Off the Course Nutrition – How to Maintain A Healthy Balance 

When I was a kid I ran cross country and track. As a middle schooler and high schooler I was pretty fast. I also raced BMX and was a typical scrawny teenage boy who at that time just wanted to gain weight. My motivations were outside of running or biking at that point – more typical of a teenage boy, my goal was to gain weight and turn into a stud by my senior year. No matter what I did, I could not gain weight. It was something that I thought about all the time and I worked hard to try to get my ideal body. Fast forward many years, and if I am being honest, even as an adult, my weight and body image have been something that I have been preoccupied with  - although for different reasons. 

As a teenager, the reality was that I was self-conscious of my weight and being too thin, but truthfully nobody else really cared. And guess what? This is still true today, but the problem is that the habits I picked up as a teen caught up with me, and lead to the opposite issue - as an adult, I needed to lose weight. My weight gain didn’t happen overnight. It was year after year of  just another pound or two. I was not really aware of it happening, but at some point, I realized I needed to lose weight and change my eating habits. Just as it was true when I was a teen, I was still thinking about my body image, but now as an adult, I had to grapple with the need to lose weight to regain my health. 

My favorite meal before I started to pay attention to my health: a fried chicken sandwich

My favorite meal before I started to pay attention to my health: a fried chicken sandwich

In my experience, nobody really told me that I needed to lose weight. But once I started losing weight, I heard comments like: you look great, how much weight have you lost? When I would say around 50 lbs, the next comment was usually – oh I thought it was more than that. To me this was clearly a backhanded compliment - and it motivated me to return to a healthy BMI. 

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The process took time and patience and was not easy. At the end of the day nutrition is quite simple, most athletes know what they should and should not eat, but simple is not always easy. At Evolve we are great about working with our athletes on how to properly fuel life in and out of training. However, it is hard work to change bad habits. The ability to modify your entire approach to eating is hard to do all at once. I started with just getting my calories in check, but quickly learned that doesn’t work unless you get your macronutrients in check too. If you can’t get your macros right, you are starving all the time or you feel terrible. The biggest game changer for me - and what I attribute my success to - is that I log my food day in and day out. I do this on days where I feel like my eating is fueling me and on days where I feel like my eating is indulgent. Tracking has kept me on track for many years.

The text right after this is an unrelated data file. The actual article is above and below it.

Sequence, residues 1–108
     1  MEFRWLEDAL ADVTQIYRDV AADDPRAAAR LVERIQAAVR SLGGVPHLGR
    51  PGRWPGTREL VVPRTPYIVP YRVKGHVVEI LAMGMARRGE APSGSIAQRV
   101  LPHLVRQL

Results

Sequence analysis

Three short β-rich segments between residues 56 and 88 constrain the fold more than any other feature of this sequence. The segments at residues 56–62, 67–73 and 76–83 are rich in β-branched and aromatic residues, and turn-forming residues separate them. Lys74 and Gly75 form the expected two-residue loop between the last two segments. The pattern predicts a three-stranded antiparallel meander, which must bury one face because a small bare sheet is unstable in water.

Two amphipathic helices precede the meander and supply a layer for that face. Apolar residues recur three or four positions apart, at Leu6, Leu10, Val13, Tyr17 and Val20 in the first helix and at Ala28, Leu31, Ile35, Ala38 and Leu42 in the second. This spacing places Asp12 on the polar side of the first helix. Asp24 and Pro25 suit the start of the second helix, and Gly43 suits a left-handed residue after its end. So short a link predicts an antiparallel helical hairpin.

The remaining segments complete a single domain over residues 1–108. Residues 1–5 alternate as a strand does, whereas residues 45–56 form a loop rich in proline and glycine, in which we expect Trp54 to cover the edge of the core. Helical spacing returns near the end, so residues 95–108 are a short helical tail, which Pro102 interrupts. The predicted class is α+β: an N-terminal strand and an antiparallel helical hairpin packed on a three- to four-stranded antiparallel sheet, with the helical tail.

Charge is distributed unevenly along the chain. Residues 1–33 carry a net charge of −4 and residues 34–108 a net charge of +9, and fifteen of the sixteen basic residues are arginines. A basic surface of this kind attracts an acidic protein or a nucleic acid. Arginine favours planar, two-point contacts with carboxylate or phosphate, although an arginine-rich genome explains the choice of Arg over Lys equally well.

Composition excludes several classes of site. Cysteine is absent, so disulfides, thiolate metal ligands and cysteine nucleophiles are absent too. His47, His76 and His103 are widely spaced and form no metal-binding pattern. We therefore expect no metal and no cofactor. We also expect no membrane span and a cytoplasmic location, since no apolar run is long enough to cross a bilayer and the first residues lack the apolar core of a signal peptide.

A typical meal now that I treat food as fuel

A typical meal now that I treat food as fuel

To keep it simple - here are my top 5 favorite things that have worked for me and I think will work for you as well. 

  1. Track my food daily on a tracking app - no matter what I eat or if I know the exact nutritional info. This was the biggest game changer for me. 

  2. Treat my food as fuel. Opt to eat foods that will help me be a better athlete and feel better all around. Recently, I have phased out alcohol. In the past I would cut it out  for races, but lately I have stopped all together and for me it is amazing how great I feel.

  3. Understand that it is important to fuel my workouts and not skimp in training  in order to eat fries and cake. When we are training we get our fair share of sugars from gels, sports drinks and recovery drinks. It is important to minimize processed sugars from your day to day food intake. However, in-season sports nutrition plays a vital role in performance. 

  4. Know that I am human and that there is a time for splurges, but make sure to enjoy them versus punish myself with guilt.  I will be honest, that there are many that think that food as a reward is not a healthy habit, but I do love a yummy post race treat. I am human and this is a lifelong process. 

  5. Understand that the goal is to better my health and not go on a diet. This is a lifetime of changes, not just a one time thing. 

At the end of the day, you need to fuel your body like it is a sports car. Would you put low-grade gas in your sports car? NO! It might not be easy, but it has been worth it - I feel better than I did when I was in my thirties and I am improving in my athletic pursuits even as I age! Those two things alone have been worth the time it takes to log my food!

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